Yes but the central case of the book is that the coverup was local to Ivdel? Which it very clearly wasn't. The Sverdlovsk office was being overruled (with some force) by Moscow.

February 25, 2021, 02:48:48 AM
Reply #25
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Nigel Evans


So currently my thoughts are, that the book's case is implausible because :-
  • A hot stove that created third degree burns (through clothing) somehow magically doesn't even mark the tent fabric even though YuriD's injuries are explained as attempted movement of the stove to rescue YuriK. Highly improbable (extremely?).
  • Ivanov comments in the casefiles that the order of the two frames on their respective rolls showing the last campsite being dug out (one is the last frame) indicate that the date is Feb 1. These photos are clearly not in the forest.
  • Urakov's behaviour indicates a very strong interest from the Moscow office (reporting directly to Khrushchev) to make the case go away. Permission for a summer inspection of the DP area is flatly refused. This after maintaining a 30 strong team for 3 months by helicopter to find the last four bodies.

February 25, 2021, 11:48:54 AM
Reply #26
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Nigel Evans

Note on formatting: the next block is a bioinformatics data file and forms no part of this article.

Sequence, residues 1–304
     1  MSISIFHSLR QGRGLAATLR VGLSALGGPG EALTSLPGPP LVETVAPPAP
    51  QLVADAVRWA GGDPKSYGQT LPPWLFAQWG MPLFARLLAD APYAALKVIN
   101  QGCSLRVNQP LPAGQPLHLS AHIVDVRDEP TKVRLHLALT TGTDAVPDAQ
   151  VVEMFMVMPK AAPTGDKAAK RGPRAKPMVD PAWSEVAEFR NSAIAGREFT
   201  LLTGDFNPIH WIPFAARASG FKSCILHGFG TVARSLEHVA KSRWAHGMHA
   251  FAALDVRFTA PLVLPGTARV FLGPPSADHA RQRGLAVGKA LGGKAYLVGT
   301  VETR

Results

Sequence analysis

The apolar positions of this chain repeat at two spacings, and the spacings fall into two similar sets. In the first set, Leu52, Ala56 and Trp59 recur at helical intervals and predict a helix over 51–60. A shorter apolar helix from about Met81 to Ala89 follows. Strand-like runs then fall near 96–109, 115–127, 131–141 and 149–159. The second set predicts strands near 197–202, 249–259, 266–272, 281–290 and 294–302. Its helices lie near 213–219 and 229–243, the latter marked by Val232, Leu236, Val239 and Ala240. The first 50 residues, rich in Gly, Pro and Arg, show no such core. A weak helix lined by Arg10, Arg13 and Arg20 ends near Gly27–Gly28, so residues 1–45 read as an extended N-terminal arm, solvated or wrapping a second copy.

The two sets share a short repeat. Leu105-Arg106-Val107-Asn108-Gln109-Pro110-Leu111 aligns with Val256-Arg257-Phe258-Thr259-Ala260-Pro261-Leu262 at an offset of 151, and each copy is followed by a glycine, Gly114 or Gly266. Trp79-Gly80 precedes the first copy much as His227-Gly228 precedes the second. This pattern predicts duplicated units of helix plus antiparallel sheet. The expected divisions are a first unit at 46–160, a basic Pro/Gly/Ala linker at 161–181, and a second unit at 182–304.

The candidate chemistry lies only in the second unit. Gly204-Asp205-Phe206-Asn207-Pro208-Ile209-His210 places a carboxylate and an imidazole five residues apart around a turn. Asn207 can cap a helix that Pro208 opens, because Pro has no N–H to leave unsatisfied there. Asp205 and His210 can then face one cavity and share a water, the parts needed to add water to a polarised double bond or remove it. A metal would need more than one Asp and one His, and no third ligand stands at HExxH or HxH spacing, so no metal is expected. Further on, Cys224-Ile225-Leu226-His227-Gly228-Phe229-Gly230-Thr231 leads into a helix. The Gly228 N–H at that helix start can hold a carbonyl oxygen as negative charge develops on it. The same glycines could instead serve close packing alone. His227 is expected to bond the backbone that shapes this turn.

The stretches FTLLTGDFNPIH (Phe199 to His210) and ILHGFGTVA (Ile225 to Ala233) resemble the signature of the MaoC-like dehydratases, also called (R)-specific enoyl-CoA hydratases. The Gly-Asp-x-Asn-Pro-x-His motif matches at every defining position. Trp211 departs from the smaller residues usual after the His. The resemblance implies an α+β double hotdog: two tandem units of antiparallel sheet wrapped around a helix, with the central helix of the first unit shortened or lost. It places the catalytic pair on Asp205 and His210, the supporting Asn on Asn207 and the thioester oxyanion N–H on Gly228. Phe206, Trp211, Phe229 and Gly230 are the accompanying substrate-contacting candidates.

you can't make something radioactive by firing high energy particles at it.

thats how c14 is formed. https://en.m.wikipedia.org/wiki/Carbon-14


a concentration of c14 being an explanation for the higher radiation levels.

February 25, 2021, 11:53:54 AM
Reply #27
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Nigel Evans


This is the only scenario that can explain why the opening of the tent was not used as exit


That's ever so slightly not true.....  kewl1

February 25, 2021, 11:59:37 AM
Reply #28
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Teddy

Administrator
This is the only scenario that can explain why the opening of the tent was not used as exit


That's ever so slightly not true.....  kewl1
I am not saying it lightly. I have ruminated for 9 years over this detail alone, talked with mountaineers and visited incident sites.
And arguing with you is not getting me anywhere.

February 25, 2021, 12:23:11 PM
Reply #29
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Nigel Evans


This is the only scenario that can explain why the opening of the tent was not used as exit


That's ever so slightly not true.....  kewl1
I am not saying it lightly. I have ruminated for 9 years over this detail alone, talked with mountaineers and visited incident sites.
And arguing with you is not getting me anywhere.


Electrical phenomena, noxious gases to think of two that have been frequently discussed, fighting, hey even a slab slide. That's four.
« Last Edit: April 18, 2021, 03:05:36 AM by Teddy »